Page last updated at 00:31 GMT, Tuesday, 13 January 2009

Fire service given 'poor' rating

The brigade said it had achieved a reduction in accidental house fires

Cornwall's fire service and the body that oversees it have been labelled as "poor" by a government watchdog.

A report by the Audit Commission said the brigade and its fire authority were underperforming, and lowered their rating from fair, their level in 2005.

It called for better leadership and improvements in assessing areas and community groups most at risk.

The county council said it welcomed the report and had begun work on an action plan to tackle the issues raised.

The head of the Gloucestershire fire authority, Terry Standing, has already been drafted into to run the Cornish brigade on a temporary basis following the retirement of the previous chief fire officer, Matt Litmoden.

The authority often does not test the effectiveness of its contribution to community projects
Audit Commission
In its comprehensive performance assessment, Audit Commission Senior Manager Gary Emery said the brigade and authority had not developed their understanding of local needs and the context within which they carried out community safety activities.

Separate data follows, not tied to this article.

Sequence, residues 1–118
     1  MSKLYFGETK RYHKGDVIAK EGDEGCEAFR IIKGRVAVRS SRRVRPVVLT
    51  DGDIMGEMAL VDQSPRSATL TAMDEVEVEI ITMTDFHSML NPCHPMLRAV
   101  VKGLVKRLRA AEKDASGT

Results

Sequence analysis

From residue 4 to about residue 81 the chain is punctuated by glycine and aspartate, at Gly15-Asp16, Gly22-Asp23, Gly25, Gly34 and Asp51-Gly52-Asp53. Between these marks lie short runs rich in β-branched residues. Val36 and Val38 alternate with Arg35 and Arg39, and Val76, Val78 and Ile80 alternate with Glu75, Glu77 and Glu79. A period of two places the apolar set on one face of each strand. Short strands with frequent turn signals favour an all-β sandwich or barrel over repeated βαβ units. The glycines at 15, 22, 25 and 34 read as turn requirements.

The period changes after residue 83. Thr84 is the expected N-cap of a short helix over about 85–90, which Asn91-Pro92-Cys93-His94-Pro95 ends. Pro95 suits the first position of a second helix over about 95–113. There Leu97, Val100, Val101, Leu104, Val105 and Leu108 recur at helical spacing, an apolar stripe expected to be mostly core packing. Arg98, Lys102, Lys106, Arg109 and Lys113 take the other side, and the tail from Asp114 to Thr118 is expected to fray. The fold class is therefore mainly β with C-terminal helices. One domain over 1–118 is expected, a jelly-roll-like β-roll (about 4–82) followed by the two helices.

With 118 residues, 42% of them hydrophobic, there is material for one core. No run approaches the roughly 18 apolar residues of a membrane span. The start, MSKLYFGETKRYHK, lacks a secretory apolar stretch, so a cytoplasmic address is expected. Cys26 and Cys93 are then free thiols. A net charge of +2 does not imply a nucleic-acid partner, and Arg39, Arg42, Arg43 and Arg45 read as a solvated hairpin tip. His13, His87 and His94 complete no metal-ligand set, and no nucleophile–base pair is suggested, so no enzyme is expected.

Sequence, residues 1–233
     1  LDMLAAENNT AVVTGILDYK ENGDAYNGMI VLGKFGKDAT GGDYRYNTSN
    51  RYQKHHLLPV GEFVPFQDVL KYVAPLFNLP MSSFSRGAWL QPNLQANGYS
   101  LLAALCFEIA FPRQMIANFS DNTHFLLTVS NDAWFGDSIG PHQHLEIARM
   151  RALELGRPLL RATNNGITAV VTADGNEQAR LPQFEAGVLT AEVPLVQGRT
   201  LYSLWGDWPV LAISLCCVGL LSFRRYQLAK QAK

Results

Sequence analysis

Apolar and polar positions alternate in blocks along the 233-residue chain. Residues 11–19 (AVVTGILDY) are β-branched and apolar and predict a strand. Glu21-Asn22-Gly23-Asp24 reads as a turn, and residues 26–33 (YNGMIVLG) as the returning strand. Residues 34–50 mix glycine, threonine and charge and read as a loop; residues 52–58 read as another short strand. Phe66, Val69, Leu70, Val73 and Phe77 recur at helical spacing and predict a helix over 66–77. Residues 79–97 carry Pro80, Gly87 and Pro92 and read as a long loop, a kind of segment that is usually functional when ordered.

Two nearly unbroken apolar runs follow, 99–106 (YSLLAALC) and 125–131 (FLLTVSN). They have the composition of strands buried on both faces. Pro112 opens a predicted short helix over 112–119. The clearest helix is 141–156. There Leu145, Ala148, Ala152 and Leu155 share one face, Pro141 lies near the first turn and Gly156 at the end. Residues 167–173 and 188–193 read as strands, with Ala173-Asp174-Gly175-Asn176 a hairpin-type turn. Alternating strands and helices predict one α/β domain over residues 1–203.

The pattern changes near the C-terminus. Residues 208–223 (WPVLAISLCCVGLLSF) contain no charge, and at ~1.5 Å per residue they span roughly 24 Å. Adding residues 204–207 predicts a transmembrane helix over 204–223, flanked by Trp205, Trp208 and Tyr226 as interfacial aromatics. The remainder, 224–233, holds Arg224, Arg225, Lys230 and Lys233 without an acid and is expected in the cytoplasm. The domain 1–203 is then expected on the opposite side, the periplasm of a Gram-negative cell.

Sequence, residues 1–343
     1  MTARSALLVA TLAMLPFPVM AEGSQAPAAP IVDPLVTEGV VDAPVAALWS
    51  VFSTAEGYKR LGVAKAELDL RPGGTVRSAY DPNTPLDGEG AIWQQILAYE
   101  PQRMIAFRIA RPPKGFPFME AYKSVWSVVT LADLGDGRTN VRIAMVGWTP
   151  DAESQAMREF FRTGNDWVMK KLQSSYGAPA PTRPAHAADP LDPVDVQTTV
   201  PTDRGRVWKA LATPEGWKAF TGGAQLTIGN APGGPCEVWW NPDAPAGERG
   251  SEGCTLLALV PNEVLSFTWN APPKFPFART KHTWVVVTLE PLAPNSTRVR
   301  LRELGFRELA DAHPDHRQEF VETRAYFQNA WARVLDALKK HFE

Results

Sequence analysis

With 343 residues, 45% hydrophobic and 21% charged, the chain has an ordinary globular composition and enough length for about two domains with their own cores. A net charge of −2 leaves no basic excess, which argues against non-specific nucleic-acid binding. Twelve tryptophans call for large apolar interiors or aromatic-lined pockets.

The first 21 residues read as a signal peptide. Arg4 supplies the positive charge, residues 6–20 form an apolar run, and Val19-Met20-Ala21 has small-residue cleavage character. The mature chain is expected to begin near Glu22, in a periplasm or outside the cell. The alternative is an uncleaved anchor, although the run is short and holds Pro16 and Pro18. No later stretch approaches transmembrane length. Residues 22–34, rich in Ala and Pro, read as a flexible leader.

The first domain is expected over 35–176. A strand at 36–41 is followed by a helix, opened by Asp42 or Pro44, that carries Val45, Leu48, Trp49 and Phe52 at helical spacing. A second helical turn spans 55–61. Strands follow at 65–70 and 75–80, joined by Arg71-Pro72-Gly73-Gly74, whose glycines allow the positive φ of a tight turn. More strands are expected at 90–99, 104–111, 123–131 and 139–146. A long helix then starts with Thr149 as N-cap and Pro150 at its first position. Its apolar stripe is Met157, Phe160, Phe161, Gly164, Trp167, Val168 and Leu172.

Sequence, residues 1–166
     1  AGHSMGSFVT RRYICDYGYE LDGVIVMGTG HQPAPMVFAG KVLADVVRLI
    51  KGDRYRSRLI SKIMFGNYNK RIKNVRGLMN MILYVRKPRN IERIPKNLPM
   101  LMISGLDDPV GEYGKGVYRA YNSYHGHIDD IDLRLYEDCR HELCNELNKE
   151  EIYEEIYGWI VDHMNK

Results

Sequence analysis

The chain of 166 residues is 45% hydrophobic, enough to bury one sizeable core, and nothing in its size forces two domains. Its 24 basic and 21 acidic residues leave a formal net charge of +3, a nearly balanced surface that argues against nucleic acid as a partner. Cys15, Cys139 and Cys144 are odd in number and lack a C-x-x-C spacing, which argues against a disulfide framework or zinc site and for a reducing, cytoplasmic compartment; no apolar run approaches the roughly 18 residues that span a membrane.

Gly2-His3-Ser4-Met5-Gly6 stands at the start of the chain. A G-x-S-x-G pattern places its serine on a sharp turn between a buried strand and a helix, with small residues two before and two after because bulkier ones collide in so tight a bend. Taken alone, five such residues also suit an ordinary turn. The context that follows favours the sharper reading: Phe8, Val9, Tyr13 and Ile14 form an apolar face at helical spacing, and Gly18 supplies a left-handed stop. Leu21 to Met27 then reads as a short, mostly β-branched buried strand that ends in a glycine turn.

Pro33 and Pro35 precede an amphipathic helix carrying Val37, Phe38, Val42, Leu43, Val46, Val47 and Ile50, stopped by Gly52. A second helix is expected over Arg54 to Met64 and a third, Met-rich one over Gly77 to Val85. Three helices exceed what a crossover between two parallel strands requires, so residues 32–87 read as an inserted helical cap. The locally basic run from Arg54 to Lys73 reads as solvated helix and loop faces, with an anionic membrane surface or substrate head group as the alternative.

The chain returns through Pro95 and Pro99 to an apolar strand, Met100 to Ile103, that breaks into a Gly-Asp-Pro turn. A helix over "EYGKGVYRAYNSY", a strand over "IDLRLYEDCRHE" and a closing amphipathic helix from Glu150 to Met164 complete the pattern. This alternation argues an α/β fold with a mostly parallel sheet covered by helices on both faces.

He said: "While its staff are committed to providing an improved service for communities, and particularly for disadvantaged groups, the authority often does not test the effectiveness of its contribution to community projects."

The commission added that it did not engage effectively with partner organisations and had fallen behind the progress made by other fire authorities in modernising the service.

'Willing to improve'

Cornwall County Council chief executive Kevin Lavery said the council had been expecting a critical report.

He said: "The appointment of our interim chief fire officer, Terry Standing, has been a positive step in working with the Audit Commission and other government agencies such as Department for Communities and Local Government to show that we are willing and able to improve the service."

The county said it that brigade would start to "begin the long term planning process to take the service forward, with ambitions to become an 'excellent' service in the future."

Ken Yeo, the council's executive member for public protection added that the service carried out "great community and preventative work", including achieving a 15% reduction in accidental house fires over the past three years.

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